She likes to jump all over me so a thousand times a day she hears "Thora, be nice to Mama's belly. Be careful with the belly, Your sister is in there. Ouch!" In the last few weeks she has been losing interest in nursing and is easily distracted away when she pulls at the neck of my shirt. This is fine with me as I am not that excited about tandem nursing but I realize that she may regress as soon as she sees someone else get an all-access pass to Mama's milk.
She likes to push in my belly button like she's ringing for the elevator. I don't love this because my belly button, which is currently a major pregnancy-induced outie that sticks up through all my clothes, is squishy and feels weird being poked but I think it's cute that she plays with her sister in some small way. At least once a day she wants to see my belly and either kisses it or just waves hello to it. True, there are the times that I ask her to say hello to her sister, lifting up my shirt to show her my belly, and her response is "NO! No! No!" shaking her head vehemently while she pulls my shirt back down. We try hard to explain that there is a baby in Mama's belly. We tell her the baby is her sister. We include her sister's name in songs we sing and we ask her where the baby is all the time. Still, I am not exactly sure what, if anything, she actually understands. Someone suggested I buy her her own baby doll long before our new baby arrived, so I ordered her a handmade baby doll from Etsy. I also bought her a baby doll sized stroller. The stroller she loves. She loves it so much that she pushed it around the toy store for a half hour while I looked around for other things she might like. She tears through the apartment with it and wants to take it everywhere. But she refuses to put anyone in it. When the baby doll arrived in the mail, she looked at it disdainfully, pulled the ribbon out of her hair, and tossed her right on the floor. I've tried to stick her back in the stroller a few times, which has only resulted in Thora picking her up by the hair and tossing her on the floor again. She's managed to pull out some of the yarn-hair, and will then show it to me and tell me it's "bahj" - her odd little word for garbage.
Of course I've had some of those annoying experiences every pregnant mother has. There are people who like to rub bellies, people who feel compelled to comment on my rapidly expanding size. Oh, if I had a dollar for every time someone asked me if I was ready to pop (grrrr) or if I was sure I wasn't having twins! Ha-freaking-ha. When you weigh more than your husband and your father but you're only 5'4" and shouldn't weigh more than 135, you hate hearing crap like that! And there are people who ask random questions. In an elevator full of strangers, I can always count on someone asking "So, when are you due? What are you having? Is this your first?" On line for the bathroom at Barnes & Noble, I can count on another mother telling me about the hell I am in for having two under two. People I don't even know ask me if she has a name. (To which I simply say "Yes" and wait for the awkward moment where they wait for me to say it before I hastily add "...but we're going to keep it to ourselves until she's born just to make sure it suits her." This time I get a lot less unsolicited advice and fewer horror stories about birth, presumably because I say as quickly as I can that this is my second child.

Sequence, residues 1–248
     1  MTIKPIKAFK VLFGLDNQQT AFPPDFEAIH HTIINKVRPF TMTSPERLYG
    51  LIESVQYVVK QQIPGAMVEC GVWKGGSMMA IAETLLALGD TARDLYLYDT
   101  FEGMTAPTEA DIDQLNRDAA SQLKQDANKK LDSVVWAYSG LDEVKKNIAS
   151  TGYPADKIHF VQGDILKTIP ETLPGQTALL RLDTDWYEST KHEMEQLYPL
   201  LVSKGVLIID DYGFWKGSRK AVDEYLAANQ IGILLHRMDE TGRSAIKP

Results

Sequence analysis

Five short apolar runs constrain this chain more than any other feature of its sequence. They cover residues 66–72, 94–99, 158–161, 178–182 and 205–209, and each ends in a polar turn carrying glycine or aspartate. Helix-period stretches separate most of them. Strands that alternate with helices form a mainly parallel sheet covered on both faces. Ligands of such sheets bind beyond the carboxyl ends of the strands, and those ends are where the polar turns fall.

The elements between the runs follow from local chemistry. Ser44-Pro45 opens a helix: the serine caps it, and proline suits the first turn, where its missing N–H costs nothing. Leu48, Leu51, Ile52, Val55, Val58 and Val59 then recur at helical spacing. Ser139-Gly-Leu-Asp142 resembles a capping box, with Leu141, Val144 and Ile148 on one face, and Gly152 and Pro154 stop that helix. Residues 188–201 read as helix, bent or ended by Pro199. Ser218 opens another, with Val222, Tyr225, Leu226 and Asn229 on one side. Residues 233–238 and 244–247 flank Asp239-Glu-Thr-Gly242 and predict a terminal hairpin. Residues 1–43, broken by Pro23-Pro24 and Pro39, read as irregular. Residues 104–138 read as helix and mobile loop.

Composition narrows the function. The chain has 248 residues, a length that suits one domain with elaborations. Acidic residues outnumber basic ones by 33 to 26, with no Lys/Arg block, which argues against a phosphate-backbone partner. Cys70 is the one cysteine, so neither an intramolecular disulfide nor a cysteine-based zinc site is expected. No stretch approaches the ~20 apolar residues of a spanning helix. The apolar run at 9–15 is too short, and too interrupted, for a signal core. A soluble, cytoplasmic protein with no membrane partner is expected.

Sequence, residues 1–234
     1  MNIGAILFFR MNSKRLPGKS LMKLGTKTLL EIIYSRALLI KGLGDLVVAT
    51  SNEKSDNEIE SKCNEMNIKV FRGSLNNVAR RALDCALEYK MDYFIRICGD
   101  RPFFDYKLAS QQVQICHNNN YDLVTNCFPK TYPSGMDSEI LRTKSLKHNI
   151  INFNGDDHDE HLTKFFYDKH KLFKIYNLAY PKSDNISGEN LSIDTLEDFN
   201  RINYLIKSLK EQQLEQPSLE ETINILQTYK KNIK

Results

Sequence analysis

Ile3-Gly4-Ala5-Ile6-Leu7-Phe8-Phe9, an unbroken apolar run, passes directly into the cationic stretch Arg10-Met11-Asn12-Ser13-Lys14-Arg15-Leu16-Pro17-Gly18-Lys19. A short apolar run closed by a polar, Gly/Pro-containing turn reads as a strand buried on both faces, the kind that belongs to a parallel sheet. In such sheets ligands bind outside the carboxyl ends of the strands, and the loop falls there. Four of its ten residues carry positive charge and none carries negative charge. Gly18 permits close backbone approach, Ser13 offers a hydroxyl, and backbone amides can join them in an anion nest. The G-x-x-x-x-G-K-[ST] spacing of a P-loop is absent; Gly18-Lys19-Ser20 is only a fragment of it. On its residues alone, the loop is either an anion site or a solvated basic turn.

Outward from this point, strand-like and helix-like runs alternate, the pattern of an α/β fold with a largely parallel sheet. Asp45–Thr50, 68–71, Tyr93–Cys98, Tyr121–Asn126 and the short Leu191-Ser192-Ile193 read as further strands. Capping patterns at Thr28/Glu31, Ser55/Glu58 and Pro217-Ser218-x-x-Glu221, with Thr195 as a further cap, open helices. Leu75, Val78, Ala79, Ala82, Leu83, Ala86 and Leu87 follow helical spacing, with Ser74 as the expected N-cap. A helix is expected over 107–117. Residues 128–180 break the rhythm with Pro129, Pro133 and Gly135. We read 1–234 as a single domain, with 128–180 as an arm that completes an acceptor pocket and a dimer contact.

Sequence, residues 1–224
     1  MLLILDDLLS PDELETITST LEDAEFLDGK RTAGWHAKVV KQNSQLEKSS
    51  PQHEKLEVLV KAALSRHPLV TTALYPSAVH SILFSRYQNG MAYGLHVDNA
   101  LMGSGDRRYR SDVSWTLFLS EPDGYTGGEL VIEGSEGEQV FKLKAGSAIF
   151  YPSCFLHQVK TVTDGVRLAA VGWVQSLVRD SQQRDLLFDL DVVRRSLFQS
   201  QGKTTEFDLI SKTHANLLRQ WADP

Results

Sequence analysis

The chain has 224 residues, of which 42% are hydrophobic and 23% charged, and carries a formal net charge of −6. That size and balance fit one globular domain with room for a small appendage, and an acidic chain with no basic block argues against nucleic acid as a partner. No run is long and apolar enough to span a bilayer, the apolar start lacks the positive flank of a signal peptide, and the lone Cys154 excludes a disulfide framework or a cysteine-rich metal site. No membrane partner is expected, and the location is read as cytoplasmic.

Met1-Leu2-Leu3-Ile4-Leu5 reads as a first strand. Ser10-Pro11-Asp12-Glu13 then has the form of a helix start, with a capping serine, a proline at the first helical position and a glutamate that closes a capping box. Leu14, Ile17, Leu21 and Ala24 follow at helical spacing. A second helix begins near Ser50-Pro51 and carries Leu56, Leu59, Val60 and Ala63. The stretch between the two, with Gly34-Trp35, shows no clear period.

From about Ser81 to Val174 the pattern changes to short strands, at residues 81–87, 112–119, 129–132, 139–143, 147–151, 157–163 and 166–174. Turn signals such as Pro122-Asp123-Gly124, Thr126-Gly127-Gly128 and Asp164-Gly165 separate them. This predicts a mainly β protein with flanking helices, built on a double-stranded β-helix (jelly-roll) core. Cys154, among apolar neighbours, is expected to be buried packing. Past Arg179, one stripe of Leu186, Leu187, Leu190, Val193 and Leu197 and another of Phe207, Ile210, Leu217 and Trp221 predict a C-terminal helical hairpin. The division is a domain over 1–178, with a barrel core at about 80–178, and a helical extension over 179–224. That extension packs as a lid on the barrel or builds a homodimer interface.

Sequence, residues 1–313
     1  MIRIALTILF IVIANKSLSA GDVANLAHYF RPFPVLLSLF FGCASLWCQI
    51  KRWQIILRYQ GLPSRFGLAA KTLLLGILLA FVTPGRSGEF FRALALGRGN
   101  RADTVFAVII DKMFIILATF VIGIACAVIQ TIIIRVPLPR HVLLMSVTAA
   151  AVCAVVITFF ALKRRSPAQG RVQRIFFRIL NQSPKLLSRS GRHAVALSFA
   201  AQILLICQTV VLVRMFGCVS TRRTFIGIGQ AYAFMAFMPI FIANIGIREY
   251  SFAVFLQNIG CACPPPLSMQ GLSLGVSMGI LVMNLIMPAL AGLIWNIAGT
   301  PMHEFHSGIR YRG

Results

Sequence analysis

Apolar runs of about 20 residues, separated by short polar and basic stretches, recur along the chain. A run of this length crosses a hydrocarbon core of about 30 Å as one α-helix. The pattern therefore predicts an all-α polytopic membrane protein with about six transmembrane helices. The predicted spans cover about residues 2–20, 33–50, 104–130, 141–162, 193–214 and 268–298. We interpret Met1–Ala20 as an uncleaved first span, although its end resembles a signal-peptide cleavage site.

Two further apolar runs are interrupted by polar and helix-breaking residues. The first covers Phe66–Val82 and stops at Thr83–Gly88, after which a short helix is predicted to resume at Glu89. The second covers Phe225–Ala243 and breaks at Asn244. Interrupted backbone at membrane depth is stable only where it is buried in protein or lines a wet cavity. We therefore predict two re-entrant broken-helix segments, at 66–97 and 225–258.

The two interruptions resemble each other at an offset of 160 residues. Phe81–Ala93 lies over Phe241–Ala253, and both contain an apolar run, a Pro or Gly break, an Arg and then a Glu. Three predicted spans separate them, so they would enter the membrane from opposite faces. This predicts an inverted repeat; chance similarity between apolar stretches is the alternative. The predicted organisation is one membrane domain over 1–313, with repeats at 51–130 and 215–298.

Meanwhile, this little one already has a lot to live up to. People say I can't possibly have a cuter or smarter kid than Thora. They say it's going to be wonderful to have two girls so close in age so that they grow up the very best of friends. They warn me that she will be everything Thora is not and more. That's a lot of pressure! Adding to that, she has a name with big meanings. Thora Bea was named in part for my great-grandmother, my Nana Bea. My Nana Bea didn't live to see me grow up, get married or have Thora, but I loved her so much and have fond memories of her from when I was a tiny girl. This baby is being named in part for her biological grandmother, who wanted her very badly and loved her from the moment she was conceived but did not live to see the pregnancy through to the end. This grandma was going to play a large role in Newbee's birth -- and of course in her life. She was the first person apart from Johnny who knew I was pregnant. She kept tabs on the baby and me, talked about taking us shopping and getting us ready, and was the only one we wanted with us at the birth. This invitation moved her to tears but really, who else could be better? She birthed three babies, raised two, and fostered upwards of 65 babies awaiting adoption placement. If anyone knew babies, it was her, and she was more than happy to sign on to roll up her sleeves and see the whole family through the days leading up to the birth, the birth itself, and the transition to a family of four afterward. We miss her terribly. And we are hopeful that our baby's name will keep her memory alive for all of us who did not have enough time with her. This is something I already think about telling my daughter when she's older.
I would like to write a letter to my second daughter now, including that and other stories. I want her to know that she already has a place in our lives and in our hearts. I want her to know that she is loved and wanted every bit as much as her big sister is and was. I want her to know that we were so happy to have a second daughter, that people predicted she would be beautiful and charming from the time they knew I was pregnant, that I knew she would be a busy and driven person from how she moved around inside me. I want her to know how much we love her already.